LNP stands firm as Roxon in call for Brough to be dumped
ATTORNEY General Nicola Roxon has added her voice to calls for the Liberal National Party to sack Mal Brough as its candidate for the seat of Fisher.
However, late yesterday the LNP rejected the call.
"Mal Brough will provide a strong voice for the people of Fisher in Federal Parliament and help deliver the change of government in Canberra that Australia needs," an LNP statement said.
Mr Brough's name appears several times in the judgment handed down on Wednesday by Steven Rares in the sexual harassment case brought against former parliamentary speaker Peter Slipper by his former staffer James Ashby.
Justice Rares threw out the case on grounds it was an abuse of process.
"The evidence established that Mr Ashby acted in combination with Ms (Karen) Doane and Mr Brough when commencing the proceedings in order to advance the interests of the LNP and Mr Brough," the judgment reads.
Ms Doane also worked for Mr Slipper.
Speaking in Melbourne, Ms Roxon said Justice Rares's scathing judgment was "very embarrassing for the Liberal Party".
And she continued the government's attack on Opposition Leader Tony Abbott and shadow attorney general George Brandis.
"Mr Abbott needs to come out now and explain why members of his political party took this action," Ms Roxon said.
"I think he would need to consider whether it's appropriate for Mr Brough to contest the next election.
"He should be calling for an explanation from Mr Brandis for comments that were quite outrageous and clearly not supported by the decision today that were made in Senate estimates and elsewhere."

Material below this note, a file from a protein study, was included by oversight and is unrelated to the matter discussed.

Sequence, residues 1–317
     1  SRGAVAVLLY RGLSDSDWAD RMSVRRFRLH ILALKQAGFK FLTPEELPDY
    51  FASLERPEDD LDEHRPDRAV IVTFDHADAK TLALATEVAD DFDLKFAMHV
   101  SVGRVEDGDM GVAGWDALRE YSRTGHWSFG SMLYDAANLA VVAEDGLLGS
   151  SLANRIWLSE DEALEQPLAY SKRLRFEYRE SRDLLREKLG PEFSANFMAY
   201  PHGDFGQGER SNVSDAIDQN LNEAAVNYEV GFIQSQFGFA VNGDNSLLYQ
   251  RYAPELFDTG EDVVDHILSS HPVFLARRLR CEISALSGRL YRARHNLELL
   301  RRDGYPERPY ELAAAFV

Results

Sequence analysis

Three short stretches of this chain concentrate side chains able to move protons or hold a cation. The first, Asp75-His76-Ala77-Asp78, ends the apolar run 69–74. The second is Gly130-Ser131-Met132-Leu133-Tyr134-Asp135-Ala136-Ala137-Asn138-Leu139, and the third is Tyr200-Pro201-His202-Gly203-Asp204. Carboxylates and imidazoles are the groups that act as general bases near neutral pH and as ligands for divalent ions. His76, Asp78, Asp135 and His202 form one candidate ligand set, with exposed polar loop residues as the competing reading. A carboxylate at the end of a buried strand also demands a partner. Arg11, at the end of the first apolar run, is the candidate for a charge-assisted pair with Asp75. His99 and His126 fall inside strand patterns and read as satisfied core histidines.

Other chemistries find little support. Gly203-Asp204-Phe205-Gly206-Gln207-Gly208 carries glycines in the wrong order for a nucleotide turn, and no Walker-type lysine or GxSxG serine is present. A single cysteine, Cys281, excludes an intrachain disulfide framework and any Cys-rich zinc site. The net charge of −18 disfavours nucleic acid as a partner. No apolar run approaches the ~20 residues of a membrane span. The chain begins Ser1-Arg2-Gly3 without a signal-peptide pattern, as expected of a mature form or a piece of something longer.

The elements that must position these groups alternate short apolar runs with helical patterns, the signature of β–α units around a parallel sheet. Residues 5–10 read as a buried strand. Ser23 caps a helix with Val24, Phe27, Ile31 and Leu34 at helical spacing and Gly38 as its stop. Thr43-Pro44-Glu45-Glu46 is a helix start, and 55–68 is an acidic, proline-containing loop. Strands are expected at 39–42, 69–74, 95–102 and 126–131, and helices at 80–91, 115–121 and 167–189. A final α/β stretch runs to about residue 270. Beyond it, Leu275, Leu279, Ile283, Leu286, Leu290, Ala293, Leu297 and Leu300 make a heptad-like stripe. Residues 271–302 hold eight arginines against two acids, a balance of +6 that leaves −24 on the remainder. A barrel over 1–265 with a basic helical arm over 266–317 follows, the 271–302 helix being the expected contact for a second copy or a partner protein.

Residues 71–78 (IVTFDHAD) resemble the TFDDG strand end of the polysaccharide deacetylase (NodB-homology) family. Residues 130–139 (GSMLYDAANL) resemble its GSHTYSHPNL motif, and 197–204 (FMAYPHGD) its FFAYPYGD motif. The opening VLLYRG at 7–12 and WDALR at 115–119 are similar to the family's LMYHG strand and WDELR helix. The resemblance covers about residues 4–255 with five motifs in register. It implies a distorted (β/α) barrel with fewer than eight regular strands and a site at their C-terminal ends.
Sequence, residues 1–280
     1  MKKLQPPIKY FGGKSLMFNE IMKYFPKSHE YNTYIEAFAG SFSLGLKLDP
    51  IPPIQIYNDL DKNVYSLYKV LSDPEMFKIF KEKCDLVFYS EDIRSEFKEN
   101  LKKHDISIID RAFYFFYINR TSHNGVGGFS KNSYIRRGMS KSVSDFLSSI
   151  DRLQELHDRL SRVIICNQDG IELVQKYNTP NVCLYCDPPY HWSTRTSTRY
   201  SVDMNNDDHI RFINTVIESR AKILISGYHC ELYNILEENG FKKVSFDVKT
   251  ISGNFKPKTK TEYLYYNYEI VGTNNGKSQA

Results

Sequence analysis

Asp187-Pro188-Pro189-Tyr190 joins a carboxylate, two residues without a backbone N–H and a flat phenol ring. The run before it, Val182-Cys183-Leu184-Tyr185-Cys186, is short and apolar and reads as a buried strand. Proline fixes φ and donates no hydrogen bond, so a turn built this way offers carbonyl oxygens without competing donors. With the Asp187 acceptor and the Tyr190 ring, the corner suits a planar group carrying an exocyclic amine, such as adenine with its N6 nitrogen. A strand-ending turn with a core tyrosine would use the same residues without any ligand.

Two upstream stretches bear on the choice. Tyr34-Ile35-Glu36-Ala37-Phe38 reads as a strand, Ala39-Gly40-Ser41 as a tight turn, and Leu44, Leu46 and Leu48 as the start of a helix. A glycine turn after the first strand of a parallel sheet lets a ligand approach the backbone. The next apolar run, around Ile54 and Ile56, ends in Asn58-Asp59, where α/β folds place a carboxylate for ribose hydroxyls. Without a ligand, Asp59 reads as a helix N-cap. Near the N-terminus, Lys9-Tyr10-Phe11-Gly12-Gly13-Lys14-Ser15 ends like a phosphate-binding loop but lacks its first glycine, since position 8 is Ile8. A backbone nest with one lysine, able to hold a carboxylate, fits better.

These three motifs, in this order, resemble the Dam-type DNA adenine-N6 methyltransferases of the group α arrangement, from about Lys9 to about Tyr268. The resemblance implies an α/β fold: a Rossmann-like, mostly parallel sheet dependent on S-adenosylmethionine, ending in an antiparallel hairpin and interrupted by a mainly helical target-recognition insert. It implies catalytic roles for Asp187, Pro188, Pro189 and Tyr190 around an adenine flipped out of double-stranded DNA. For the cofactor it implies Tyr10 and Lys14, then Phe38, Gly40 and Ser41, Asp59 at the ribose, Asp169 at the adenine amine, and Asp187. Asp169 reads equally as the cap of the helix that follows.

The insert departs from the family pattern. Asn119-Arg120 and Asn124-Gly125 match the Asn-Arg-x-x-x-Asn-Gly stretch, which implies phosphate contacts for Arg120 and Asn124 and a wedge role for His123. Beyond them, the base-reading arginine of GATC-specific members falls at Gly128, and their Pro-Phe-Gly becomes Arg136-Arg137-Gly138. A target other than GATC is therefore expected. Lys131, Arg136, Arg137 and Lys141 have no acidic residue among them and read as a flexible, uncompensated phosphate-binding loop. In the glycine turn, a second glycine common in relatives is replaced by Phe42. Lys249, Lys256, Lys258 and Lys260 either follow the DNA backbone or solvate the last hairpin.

Senator Brandis was highly critical of the government's decision to reach a $50,000 settlement with Mr Ashby just days before its abuse of process claim was to be heard in the Federal Court.
Mr Ashby was suing the Commonwealth for failing to provide a safe workplace.
Like Parliamentary Secretary Mark Dreyfus earlier, Ms Roxon defended the government's decision to settle the claim.
But she conceded the Commonwealth may have continued with its abuse of process claim had it known Justice Rares's decision.
"We settled our component of this case on legal advice. We complied with model litigant rules," she said.
"Of course it's easy to say with the benefit of hindsight … then maybe people would take different action.
"But what this decision today does is absolutely confirm everything the government said in its application. It found an abuse of process. It found an improper purpose for bring the claim and that is what the Commonwealth alleged, it is what Mr Slipper alleged and it is today what the Federal Court has expressly found."
It was revealed in Senate estimates in October the Commonwealth had spent more than $700,000 in defending the claim brought against it by Mr Ashby.
Ms Roxon said there was almost no chance of Mr Slipper returning to the Speaker's chair.